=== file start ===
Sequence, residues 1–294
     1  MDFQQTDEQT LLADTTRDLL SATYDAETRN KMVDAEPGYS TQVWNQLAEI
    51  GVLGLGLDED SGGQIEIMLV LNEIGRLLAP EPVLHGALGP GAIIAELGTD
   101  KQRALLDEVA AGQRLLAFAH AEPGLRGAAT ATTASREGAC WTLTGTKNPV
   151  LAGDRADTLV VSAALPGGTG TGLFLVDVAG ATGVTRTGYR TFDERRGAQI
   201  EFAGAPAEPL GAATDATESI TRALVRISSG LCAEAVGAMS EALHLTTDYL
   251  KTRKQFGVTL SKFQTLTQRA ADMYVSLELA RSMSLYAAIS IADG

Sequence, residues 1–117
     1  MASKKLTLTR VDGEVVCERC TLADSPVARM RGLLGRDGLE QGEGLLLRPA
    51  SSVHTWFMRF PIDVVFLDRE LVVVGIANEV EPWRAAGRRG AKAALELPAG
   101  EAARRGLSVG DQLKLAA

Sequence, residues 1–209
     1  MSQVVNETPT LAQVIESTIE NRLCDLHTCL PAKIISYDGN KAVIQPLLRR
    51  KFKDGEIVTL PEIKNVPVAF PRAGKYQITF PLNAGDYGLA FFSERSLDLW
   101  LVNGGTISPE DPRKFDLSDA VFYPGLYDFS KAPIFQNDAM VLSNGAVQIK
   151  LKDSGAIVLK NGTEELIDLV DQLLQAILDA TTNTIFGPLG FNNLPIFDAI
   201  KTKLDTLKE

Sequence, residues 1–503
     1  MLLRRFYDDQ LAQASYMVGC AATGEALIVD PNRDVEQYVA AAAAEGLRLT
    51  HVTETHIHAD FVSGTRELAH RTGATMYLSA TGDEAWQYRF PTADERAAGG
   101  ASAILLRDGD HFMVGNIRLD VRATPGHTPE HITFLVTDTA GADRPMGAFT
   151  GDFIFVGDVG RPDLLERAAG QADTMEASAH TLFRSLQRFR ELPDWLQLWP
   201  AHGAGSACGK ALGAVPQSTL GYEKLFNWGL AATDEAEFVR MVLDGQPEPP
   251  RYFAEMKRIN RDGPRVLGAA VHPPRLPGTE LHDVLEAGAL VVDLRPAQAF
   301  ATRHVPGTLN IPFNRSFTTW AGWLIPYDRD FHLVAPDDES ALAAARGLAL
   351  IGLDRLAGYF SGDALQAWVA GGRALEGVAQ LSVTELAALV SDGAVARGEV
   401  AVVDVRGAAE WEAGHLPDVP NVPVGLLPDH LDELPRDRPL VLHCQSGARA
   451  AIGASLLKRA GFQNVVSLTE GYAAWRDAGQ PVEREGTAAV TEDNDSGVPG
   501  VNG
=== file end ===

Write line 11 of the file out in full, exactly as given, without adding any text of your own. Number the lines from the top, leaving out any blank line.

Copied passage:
   101  EAARRGLSVG DQLKLAA